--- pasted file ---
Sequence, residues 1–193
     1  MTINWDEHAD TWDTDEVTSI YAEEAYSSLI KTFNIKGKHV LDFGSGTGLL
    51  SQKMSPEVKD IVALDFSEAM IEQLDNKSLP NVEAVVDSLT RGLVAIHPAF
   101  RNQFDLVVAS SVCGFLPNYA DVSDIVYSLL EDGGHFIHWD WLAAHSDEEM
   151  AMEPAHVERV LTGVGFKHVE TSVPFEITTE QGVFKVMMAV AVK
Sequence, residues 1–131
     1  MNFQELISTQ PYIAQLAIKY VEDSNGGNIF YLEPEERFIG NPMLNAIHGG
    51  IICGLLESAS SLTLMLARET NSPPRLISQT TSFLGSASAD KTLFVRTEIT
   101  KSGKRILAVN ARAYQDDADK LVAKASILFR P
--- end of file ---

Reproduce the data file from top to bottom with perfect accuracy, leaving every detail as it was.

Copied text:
Sequence, residues 1–193
     1  MTINWDEHAD TWDTDEVTSI YAEEAYSSLI KTFNIKGKHV LDFGSGTGLL
    51  SQKMSPEVKD IVALDFSEAM IEQLDNKSLP NVEAVVDSLT RGLVAIHPAF
   101  RNQFDLVVAS SVCGFLPNYA DVSDIVYSLL EDGGHFIHWD WLAAHSDEEM
   151  AMEPAHVERV LTGVGFKHVE TSVPFEITTE QGVFKVMMAV AVK
Sequence, residues 1–131
     1  MNFQELISTQ PYIAQLAIKY VEDSNGGNIF YLEPEERFIG NPMLNAIHGG
    51  IICGLLESAS SLTLMLARET NSPPRLISQT TSFLGSASAD KTLFVRTEIT
   101  KSGKRILAVN ARAYQDDADK LVAKASILFR P